• Distributed Coordinators

The detail on how they work is as easily accessible as the early work on computability theory (you can get hold of it). Whether you can understand it or not is a different matter.

Hadoop.

Hadoop came out in 2008 and the primary components of it (HDFS and MapReduce) conceptually look like this.

Hadoop, MapReduce and HDFS

The Hadoop ecosystem.

Big Data is more than just the Apache Hadoop kernel; it is a collection of related projects. Some of them are mandatory (you cannot do Big Data without them) and others are optional (like data loaders and flow processing languages).

The mandatory Hadoop projects are HDFS, MapReduce and Common.  Common is a collection of components and interfaces for distributed processing and I/O. In addition to the file system itself and the language, Common implements the required components of distributed computing (autonomous computing entities with their own local memory that communicate through message passing).

There are a number of projects in the ecosystem that complement the mandatory projects. Below are some of the higher-level projects

  • ZooKeeper

A distributed coordination service. HDFS relies on nodes and there is a Master “NameNode” that knows where each piece of data needed for processing resides on the file system, the “DataNodes”. The NameNode, even if it is duplicated in a Secondary NameNode is still a single point of failure. Promoting a secondary NameNode to be the primary can take hours on really large clusters.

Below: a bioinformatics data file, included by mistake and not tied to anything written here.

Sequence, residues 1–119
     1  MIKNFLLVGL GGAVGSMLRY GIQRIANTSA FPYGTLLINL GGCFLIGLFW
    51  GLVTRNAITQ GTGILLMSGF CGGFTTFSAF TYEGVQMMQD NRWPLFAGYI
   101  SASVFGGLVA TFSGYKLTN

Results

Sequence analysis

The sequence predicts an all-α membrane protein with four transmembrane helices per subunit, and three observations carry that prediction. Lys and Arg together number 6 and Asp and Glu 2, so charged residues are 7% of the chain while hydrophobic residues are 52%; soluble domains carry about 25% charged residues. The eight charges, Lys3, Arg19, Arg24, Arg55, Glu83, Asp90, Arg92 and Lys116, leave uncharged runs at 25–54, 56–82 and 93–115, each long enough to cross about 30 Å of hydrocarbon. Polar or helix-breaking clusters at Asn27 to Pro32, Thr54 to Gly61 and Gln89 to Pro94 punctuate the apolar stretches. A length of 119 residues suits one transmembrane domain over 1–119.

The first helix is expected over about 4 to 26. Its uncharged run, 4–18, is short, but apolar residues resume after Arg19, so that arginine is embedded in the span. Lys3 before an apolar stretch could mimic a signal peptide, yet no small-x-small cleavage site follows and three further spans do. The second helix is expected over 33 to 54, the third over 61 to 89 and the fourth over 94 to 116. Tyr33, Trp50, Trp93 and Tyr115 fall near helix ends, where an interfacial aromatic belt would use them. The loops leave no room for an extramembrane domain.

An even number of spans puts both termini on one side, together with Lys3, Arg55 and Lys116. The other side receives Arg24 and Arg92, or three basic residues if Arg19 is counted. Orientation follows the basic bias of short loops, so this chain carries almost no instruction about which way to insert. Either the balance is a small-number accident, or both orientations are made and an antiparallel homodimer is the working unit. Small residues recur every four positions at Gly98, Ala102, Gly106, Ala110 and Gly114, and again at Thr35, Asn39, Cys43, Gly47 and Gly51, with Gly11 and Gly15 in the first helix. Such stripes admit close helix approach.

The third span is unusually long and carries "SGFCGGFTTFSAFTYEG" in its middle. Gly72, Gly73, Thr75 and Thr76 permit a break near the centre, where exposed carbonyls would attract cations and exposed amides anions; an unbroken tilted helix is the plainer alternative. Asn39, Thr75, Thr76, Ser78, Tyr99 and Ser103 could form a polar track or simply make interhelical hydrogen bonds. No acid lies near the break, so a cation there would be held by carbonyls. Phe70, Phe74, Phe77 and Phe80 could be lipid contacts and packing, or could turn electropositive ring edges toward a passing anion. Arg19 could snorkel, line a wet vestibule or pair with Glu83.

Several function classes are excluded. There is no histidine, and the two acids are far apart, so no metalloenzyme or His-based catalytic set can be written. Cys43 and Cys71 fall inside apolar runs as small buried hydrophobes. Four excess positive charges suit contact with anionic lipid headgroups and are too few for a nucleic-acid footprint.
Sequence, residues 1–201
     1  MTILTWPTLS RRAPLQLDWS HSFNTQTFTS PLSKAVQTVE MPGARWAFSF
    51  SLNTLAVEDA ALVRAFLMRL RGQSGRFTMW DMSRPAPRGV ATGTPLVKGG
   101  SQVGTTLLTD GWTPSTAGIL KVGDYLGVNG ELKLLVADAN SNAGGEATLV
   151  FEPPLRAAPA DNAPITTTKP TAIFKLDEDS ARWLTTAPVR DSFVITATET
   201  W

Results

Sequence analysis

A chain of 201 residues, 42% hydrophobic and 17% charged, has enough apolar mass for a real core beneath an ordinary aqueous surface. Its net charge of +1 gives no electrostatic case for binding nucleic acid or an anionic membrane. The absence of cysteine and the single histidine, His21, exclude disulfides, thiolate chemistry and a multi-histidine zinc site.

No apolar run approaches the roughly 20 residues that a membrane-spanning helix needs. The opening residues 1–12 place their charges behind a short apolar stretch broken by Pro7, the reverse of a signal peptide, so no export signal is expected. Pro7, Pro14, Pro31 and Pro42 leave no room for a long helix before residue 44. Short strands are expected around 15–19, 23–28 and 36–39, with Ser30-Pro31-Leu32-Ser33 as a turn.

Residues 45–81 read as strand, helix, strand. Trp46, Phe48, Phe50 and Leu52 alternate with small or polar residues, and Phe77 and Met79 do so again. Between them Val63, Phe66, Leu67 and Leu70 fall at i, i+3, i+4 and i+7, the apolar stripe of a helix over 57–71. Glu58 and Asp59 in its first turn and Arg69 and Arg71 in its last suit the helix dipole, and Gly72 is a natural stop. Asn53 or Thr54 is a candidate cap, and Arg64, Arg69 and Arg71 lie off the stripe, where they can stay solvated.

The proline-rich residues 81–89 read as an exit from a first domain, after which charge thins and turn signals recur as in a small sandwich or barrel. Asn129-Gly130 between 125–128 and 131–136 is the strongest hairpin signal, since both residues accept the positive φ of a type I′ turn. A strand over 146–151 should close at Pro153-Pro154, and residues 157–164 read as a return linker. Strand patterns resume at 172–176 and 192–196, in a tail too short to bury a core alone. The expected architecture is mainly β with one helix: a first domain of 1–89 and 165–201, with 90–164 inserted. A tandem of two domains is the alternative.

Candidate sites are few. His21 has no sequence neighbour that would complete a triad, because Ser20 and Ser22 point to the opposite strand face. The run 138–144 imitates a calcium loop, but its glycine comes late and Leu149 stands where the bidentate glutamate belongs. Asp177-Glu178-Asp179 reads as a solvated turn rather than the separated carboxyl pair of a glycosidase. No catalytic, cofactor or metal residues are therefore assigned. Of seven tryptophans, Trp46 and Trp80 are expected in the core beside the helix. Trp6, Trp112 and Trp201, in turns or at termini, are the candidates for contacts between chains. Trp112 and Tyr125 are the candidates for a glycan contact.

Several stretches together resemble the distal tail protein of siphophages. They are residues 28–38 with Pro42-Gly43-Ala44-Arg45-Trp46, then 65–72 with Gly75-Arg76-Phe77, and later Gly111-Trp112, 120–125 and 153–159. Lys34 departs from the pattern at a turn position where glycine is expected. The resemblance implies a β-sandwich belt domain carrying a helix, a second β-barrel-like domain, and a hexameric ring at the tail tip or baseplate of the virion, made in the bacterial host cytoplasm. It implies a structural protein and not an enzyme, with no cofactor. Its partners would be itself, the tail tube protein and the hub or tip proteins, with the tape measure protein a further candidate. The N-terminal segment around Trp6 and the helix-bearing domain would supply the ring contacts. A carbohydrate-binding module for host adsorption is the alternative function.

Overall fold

The way that this is solved is to have a pair of NameNodes in an active-standby configuration. To make this feasible the NameNodes must each be able to share the edit log (a file that keeps track of all the changes that are made so that if needed it can be replayed to bring the system back into sync.)

To make HDFS Highly Available (HA) each DataNode will send block reports to both NameNodes (block mappings are stored in the NameNode’s memory, not on disk.)

In this way, the standby NameNode has its namespace loaded in memory already and is servicing block requests.

Any any clients that attach to the Master must be able to handle NameNode failover. It’s no use if the system fails over gracefully but the clients attached to that system cannot. To make Hadoop HA, ZooKeeper manages the shared storage that the NameNodes need to access the edit logs.

ZooKeeper

  • Hive

A Data Warehouse project. Data Warehouse systems are predominantly relational data. More and more unstructured data is being stored in no relational file systems like HDFS and organizations that have large Data Warehouse operations (Business Analysts) want to continue to use what they know but on this new rich media. The Hive project makes all your data look relational (whether it is or not) and implements an SQL dialect. This last bit (implements an SQL dialect) is being pedantic because it’s not 100% SQL, however as far as your BA’s are concerned it’s near enough for them to continue doing what they know best. Making your data look relational is a simplification and the pedantic is implements relational table abstractions.

  • HBase

Hadoop implements HDFS as a file system, but it does not have to be HDFS. HBase is an open source column oriented key value NoSQL database built on top of HDFS (so it is distributed) and supports MapReduce and good response times for point queries although it does not implement an SQL dialect. Column oriented databases have advantages over row oriented databases depending on your workload and can offer additional benefits in data compression because of their architecture. If you can design a Big Data architecture from scratch, you need to look at what type of solution it is going to be (i.e. OLAP, OLTP etc.) and how you are going to be using it.

There are also projects in their own right that deal with utility or specialized functions such as

  • Flow Processing Languages (pig)
  • Cross Language Serialization (Avro)
  • Extract Transform Load (Sqoop)
  • Scheduler (Oozie)